Live exporters improving animal welfare globally says new ALEC leader Crean

Terry Sim, October 30, 2014

AUSTRALIA’S live export industry was committed to rooting out elements within its ranks that might undermine efforts to improve animal welfare, new Australian Livestock Exporters Council chairman Simon Crean told the LIVEX Forum in Melbourne today.

New ALEC chairman, Simon Crean

New ALEC chairman, Simon Crean

The former Labor minister said the industry’s commitment to dealing with this issue was important to his preparedness to take on the job.

Mr Crean was unanimously elected chairman of ALEC at the body’s annual general meeting yesterday, replacing Peter Kane.

“I said to them I need to be convinced that you are committed to dealing with this problem genuinely in the industry and that you are prepared to commit resources to it.

“I am confident that they are,” he said.

Mr Crean said there might be reluctance in the industry to impose standards rather than “let everyone run their own race”, particularly in a free enterprise model.

“But once they realised that the actions of some are really impacting on everyone, then the collective responsibility takes on a different dimension.

“I think that’s the point where this industry is seriously at,” he said.

“One thing is unshakeable – we as an industry are resolved to root out those elements that undermine our efforts and cause unnecessary pain and suffering of export livestock.

“The onus is on the industry – regulation can only go so far.”

Mr Crean said he took on the job because of his understanding of the industry, its potential and out of a sense of obligation to help it move forward, after being part of the Labor Government that closed the Indonesian live cattle trade in 2011.

“It was decision that I thought shouldn’t have been taken in that way, but nevertheless it was.”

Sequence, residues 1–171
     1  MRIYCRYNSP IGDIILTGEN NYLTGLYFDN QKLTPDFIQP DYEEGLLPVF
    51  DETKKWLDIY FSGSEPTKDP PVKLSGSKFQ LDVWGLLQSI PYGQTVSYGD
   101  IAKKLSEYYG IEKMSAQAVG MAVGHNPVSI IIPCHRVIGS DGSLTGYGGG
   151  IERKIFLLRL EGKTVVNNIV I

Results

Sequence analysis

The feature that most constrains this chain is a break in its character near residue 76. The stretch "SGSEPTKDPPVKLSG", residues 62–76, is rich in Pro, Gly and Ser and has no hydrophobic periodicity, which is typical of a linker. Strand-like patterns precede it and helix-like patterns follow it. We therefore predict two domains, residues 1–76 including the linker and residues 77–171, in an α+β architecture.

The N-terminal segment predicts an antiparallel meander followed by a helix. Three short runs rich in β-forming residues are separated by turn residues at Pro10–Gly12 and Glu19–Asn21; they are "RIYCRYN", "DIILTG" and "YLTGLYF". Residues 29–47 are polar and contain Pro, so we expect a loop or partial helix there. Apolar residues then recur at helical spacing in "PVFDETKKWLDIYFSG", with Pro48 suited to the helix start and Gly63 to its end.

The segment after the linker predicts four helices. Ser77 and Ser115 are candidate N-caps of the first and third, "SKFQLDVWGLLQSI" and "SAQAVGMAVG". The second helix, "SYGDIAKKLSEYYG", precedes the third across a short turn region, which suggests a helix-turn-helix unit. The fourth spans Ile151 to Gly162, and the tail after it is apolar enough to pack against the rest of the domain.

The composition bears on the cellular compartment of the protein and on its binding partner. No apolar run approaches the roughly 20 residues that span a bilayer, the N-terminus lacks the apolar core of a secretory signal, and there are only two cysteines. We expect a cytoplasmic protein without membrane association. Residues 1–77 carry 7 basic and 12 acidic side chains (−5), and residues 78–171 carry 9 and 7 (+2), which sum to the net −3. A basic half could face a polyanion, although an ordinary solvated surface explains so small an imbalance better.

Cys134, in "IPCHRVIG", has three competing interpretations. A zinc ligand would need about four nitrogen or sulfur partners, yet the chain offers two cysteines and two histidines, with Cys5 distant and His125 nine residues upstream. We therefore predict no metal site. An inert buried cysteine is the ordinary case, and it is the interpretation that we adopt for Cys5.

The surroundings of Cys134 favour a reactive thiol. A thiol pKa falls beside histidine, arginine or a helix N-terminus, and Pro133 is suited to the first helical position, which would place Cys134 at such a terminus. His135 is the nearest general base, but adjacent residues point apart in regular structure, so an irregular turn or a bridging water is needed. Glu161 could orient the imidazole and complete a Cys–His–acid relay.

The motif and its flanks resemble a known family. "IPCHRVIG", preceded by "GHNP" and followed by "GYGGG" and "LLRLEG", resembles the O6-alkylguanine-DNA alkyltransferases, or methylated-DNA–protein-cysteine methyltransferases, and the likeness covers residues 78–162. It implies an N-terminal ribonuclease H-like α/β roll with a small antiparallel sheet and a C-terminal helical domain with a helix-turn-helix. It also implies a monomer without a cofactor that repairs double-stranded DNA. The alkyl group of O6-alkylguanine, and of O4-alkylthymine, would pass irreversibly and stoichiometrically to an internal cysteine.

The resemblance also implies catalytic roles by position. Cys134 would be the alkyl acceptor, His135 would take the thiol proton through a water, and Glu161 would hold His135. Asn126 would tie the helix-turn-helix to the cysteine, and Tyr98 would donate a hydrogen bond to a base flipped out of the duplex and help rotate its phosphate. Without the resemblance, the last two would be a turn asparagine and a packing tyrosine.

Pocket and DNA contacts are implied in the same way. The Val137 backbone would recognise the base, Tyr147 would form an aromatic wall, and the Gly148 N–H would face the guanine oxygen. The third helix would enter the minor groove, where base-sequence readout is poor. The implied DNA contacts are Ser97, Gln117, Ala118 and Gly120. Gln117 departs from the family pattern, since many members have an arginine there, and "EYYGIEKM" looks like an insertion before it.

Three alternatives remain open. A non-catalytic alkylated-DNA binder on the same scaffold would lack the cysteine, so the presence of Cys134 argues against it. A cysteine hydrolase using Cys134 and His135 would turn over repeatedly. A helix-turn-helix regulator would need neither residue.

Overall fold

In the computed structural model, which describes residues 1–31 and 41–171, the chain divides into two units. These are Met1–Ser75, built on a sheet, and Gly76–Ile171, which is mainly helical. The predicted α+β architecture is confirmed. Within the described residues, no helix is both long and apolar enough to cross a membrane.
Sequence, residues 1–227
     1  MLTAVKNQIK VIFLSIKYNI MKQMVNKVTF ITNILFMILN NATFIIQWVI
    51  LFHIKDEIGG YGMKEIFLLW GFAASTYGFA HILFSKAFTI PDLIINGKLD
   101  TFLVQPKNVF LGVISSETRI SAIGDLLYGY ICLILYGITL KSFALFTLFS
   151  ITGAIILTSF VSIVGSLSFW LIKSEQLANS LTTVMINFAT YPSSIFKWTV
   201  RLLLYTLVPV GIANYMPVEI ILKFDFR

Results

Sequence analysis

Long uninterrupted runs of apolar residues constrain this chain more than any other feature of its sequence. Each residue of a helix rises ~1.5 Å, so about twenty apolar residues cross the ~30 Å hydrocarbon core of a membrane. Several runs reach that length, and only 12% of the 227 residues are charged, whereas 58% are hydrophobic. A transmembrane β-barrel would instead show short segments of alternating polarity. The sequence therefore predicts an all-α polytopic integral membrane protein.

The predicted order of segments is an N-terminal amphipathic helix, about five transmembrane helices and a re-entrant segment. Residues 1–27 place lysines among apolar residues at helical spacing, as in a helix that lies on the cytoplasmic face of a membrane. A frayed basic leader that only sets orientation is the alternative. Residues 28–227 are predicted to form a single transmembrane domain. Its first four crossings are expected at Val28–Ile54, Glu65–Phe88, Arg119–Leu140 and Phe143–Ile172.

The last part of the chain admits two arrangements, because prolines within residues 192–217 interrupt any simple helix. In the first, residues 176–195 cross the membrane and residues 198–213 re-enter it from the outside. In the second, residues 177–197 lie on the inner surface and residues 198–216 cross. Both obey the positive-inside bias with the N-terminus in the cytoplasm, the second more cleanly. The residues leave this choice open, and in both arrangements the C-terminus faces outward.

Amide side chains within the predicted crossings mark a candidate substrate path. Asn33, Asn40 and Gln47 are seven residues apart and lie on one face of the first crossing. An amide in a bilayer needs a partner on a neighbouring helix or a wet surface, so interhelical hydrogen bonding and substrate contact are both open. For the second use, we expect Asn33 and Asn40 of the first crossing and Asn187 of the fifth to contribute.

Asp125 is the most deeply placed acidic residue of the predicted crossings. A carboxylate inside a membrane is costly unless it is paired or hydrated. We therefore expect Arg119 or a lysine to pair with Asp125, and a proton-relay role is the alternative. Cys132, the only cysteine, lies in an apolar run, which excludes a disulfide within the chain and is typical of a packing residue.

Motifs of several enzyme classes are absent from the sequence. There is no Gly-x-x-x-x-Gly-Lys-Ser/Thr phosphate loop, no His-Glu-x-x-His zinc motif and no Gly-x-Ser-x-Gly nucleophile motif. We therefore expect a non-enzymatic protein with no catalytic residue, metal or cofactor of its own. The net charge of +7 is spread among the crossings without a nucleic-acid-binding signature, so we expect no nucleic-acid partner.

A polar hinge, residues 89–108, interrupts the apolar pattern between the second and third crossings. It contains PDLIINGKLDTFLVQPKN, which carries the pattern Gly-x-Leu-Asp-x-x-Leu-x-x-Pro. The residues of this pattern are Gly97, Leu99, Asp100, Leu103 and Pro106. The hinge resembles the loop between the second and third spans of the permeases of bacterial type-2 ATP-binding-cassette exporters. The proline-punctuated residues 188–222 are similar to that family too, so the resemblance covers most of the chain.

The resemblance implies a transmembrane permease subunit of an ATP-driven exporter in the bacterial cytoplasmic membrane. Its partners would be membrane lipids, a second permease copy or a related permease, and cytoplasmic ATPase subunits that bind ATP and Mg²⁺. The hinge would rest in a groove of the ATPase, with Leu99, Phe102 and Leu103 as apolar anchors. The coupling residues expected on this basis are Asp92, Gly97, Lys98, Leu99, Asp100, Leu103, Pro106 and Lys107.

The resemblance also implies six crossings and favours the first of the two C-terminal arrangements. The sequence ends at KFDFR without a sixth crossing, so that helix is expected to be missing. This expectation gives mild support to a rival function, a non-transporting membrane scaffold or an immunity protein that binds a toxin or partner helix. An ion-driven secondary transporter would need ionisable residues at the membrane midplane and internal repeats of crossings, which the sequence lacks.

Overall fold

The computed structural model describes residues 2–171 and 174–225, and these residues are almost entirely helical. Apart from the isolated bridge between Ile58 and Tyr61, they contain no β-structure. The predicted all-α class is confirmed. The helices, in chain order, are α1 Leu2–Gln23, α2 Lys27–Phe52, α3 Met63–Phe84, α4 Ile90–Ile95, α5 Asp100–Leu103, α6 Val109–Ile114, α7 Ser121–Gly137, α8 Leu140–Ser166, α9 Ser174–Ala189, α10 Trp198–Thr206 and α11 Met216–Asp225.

He said significant strides had been made in improving the treatment Australian livestock exported overseas since the closure of the Indonesian live cattle trade in 2011, through the ESCAS system.

There was also a stronger understanding among exporters that responsibility was fundamental to the sustainability of the trade.

“Not to just the continuation of the industry, but if it is not got right, they won’t be able to grow.”

Mr Crean said there was bi-partisan support for the industry, but it did have to get the supply chain regulatory system right. He said abhorrent cruelty, poor treatment and slaughter of exported Australian livestock in overseas facilities had no place anywhere “least of all in the export trade.”

The ALEC chairman said Australia’s efforts in meeting worldwide demand for live export animals was lifting the standard of animal welfare globally and it was regarded as a leader in the area by the OIE.

“For anyone concerned about animal welfare – it should be obvious that if Australia withdrew from this trade, the impact on animal welfare in the global live export trade would be detrimental, to say the least, becasue others would simply step in,” he said.


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